So many people feel like they have a book inside them. Writing a book one day is a common dream, and yet for most “one day” never comes. You keep convincing yourself you don’t have the time or the patience. Or perhaps you have put in the time, searching for writing tips and advice online, but still ultimately finding yourself at a loss.
Don’t beat yourself up. One of the toughest parts of writing a book is working up the courage to begin the process. And while there are plenty of helpful places online to help you out, they are often geared more toward those with at least some real writing experience. Here are some tips to help you get started—even if you’ve never tried writing seriously before.
Give Your Idea Time to Percolate
It is likely that if you have the desire to write a book, you at least have some glimmer of an idea of what you want your book to be about. (Don’t worry if that’s not the case—I have a blog post on brainstorming over at Fictionate.me that will help you come up with one.) You may know that you want to write a book loosely based on a former relationship of yours, or one that takes place in space, or a school-based fantasy similar to Harry Potter.
It’s important that you don’t rush into writing with only a thin premise. Some writers do well without outlining, but even they tend to start out with a strong starting point and a fairly decent idea of how they want the story to flow. Without some plan of where you’re going, you’re likely to get lost along the way.
Here are a few things that you should try to figure out before you start:
- What does your protagonist want?
- What will your protagonist have to do to achieve their goal?
- What are the obstacles standing in your protagonist’s way?
Write Without Writing
You may think writing consists of time spent scribbling in a notebook or typing on a laptop. And that does count for a lot of it. But many writers do their best work when they’re not physically writing at all, especially in the conceptualizing phase of a project.
There are plenty of ways to write without writing. You can go out for a walk, perhaps with your phone in hand so you can listen to some good mood music. Physical activity is a great way to get your mental gears moving and could help you to see your story in a new light. You may even spot a lovely forest or a creepy-looking house that inspires you, in which case you can snap a picture for later.
This non-writing writing can also take place while you’re showering, washing dishes, doing laundry, or doing just about any other task that doesn’t require your whole brain. Getting away from the laptop or notebook can really help open your mind up to new possibilities and make that blank page a bit less overwhelming.
Create a Schedule and Stick to It
After you take some time to brainstorm, you might finally be able to clear that starting hump and get down a few pages. But then you lose your inspiration or hit a wall, or your schedule just gets too packed. Plenty of us have those ten pages we keep meaning to get back to but never do.
A way to get around this is to create a writing schedule. One absolutely essential part of making such a schedule is that you do not overcommit. There are writers who will tell you that you have to write every day, but a lot of us don’t have that luxury. We have jobs and kids and other responsibilities that get in the way. So don’t give yourself more to do than you can handle. You’ll most likely end up overwhelmed and ultimately not doing any writing at all.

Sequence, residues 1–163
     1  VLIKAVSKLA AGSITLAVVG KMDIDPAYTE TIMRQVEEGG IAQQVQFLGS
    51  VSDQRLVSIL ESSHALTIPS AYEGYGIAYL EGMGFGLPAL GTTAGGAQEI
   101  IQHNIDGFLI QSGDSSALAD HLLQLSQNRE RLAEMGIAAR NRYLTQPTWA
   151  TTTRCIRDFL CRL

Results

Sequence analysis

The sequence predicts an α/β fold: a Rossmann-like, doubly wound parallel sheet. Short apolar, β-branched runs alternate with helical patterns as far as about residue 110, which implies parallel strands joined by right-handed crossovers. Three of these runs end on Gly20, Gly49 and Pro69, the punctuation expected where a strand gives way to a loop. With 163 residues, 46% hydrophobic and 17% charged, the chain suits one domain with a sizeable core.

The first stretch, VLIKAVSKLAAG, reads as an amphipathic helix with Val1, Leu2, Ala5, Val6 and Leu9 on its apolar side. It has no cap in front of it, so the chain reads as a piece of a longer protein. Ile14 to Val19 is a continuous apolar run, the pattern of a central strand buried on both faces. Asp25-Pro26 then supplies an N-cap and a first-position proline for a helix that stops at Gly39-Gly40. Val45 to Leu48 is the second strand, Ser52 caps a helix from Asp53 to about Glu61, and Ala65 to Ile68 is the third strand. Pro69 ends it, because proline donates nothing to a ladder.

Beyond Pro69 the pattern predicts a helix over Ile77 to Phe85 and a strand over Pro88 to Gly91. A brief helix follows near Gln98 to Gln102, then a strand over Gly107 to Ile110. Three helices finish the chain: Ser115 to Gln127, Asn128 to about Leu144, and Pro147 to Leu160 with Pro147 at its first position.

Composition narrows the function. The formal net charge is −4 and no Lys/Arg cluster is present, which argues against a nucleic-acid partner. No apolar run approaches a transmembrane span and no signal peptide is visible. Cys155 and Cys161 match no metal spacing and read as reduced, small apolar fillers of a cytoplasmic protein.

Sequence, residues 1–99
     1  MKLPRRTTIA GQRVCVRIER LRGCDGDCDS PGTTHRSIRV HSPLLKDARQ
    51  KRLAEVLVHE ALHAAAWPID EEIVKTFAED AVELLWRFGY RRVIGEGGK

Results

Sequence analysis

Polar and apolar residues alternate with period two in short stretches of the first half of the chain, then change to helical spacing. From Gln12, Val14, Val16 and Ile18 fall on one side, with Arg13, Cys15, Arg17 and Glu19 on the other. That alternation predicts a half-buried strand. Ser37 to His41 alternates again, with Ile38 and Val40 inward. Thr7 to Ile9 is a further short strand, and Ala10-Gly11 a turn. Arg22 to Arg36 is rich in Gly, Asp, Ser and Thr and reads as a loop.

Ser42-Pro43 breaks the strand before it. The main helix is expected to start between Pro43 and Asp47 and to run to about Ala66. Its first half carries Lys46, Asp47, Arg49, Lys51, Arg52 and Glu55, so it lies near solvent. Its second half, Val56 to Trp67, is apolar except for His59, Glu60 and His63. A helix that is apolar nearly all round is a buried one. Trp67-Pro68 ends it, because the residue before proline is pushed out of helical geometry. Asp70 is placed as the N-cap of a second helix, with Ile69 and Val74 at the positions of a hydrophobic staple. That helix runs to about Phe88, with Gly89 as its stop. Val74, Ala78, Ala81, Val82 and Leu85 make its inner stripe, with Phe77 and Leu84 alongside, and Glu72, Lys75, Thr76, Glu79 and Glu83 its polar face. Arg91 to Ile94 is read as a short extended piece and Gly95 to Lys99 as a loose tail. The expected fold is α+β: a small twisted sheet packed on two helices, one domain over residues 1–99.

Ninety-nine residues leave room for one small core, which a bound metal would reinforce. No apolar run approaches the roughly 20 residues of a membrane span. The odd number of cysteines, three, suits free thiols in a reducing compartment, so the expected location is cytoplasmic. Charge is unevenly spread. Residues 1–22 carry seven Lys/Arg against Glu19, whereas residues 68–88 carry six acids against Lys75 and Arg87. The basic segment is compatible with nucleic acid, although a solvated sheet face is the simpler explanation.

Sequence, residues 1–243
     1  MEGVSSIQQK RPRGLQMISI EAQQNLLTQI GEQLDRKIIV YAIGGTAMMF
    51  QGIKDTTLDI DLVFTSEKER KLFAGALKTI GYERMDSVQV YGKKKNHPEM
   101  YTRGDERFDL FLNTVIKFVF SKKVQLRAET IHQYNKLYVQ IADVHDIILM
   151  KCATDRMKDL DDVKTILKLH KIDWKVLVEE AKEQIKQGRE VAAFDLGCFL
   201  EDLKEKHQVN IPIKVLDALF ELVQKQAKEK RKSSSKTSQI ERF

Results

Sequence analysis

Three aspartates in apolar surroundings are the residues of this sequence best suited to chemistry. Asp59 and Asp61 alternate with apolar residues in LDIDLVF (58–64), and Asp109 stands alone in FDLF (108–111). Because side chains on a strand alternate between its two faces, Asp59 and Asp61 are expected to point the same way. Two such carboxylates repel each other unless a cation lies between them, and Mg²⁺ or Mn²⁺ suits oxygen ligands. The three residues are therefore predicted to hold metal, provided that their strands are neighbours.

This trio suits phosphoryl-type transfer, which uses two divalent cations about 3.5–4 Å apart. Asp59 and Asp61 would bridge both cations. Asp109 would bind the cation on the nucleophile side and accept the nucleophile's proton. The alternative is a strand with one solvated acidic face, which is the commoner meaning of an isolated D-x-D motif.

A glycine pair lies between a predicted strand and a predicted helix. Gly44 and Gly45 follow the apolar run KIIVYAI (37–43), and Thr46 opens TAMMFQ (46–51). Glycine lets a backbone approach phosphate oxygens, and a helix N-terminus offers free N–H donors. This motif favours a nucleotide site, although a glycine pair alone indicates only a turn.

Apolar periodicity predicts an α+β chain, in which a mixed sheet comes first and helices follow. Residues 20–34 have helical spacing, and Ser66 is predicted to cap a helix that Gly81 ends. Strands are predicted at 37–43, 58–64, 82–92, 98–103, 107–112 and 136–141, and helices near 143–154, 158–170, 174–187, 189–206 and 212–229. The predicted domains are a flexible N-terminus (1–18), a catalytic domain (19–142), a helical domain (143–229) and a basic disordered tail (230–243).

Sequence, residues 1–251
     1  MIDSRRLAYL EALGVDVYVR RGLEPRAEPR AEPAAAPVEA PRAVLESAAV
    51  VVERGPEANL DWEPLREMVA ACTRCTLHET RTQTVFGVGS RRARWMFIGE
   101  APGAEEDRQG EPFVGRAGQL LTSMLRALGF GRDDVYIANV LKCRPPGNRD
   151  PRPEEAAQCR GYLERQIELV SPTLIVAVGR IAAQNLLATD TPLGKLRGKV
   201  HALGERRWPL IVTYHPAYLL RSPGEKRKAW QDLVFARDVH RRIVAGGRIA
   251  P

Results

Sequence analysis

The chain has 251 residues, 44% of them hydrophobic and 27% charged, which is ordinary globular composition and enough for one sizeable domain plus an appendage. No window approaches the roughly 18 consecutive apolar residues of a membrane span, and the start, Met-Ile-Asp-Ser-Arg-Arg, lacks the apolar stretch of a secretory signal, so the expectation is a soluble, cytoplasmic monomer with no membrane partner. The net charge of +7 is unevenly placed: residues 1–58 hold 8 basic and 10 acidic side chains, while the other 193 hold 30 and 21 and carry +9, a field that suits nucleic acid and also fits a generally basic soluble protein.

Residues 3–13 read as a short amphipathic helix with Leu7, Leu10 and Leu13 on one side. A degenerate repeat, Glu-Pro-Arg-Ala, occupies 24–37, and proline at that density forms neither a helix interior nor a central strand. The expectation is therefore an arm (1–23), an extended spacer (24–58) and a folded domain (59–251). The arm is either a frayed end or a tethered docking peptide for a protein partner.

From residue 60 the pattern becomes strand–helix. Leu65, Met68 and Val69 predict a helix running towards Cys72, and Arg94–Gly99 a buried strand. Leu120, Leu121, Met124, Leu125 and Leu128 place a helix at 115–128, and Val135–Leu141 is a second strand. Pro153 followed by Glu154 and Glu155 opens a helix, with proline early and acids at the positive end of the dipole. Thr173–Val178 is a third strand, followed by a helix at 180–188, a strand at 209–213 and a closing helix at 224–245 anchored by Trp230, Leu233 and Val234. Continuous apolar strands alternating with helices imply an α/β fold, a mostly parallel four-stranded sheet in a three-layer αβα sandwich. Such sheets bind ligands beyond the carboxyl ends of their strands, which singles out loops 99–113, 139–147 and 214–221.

Instead, carve out time when you can. If all you can find is an hour each Saturday when you would normally be watching Netflix, then that’s your writing time. And once you decide on your manageable schedule, try to stick to it. Depending on your writing speed, even just an hour of regular writing time a week will enable you to complete an 80,000-word book in roughly a year and a half.
I know I was just talking about how important it is to stick to a schedule, but a big part of being a writer is knowing when to give yourself a break. If you’re starting to feel burnt out, don’t force yourself to write that day, or week, or month. Your writing probably won’t turn out all that great anyway if you can’t muster the energy to really make it come to life.
So give yourself some time to recharge. Do the things you enjoy—play video games, paint, watch movies, cook a nice meal, etc. Maybe you can take a weekend away, or a whole week even, and spend some time with the people you love.
It can be hard not to feel like you’ll lose momentum if you stop. But if you always remember to think of your break as temporary, it doesn’t matter how long it takes to make your way back to your novel. It’ll be right there waiting for you. In fact, the time away might give you the distance to see your book in a whole new way.
Writing a book can seem incredibly overwhelming, especially to someone who’s never attempted anything like it before. But these tips will hopefully help you to finally unleash that book inside of you so you can share it with the world.
Author’s Bio: Jillian Karger was born in Ohio but has lived in and around New York City for over a decade. Since graduating from NYU in 2009, Jill has had a long string of jobs doing things like scouting books to be adapted for film and researching trivia questions for “Who Wants to Be a Millionaire”.
She has done freelance writing as well for sites like Cracked.com, and had her Twitter jokes featured on BuzzFeed and funnyordie.com. Jill has also self-published two novels on Amazon (https://www.amazon.com/Jillian-Karger/e/B07B894DNW).
Follow her blog posts about books and writing advice, read books and publish them for free at: https://www.fictionate.me.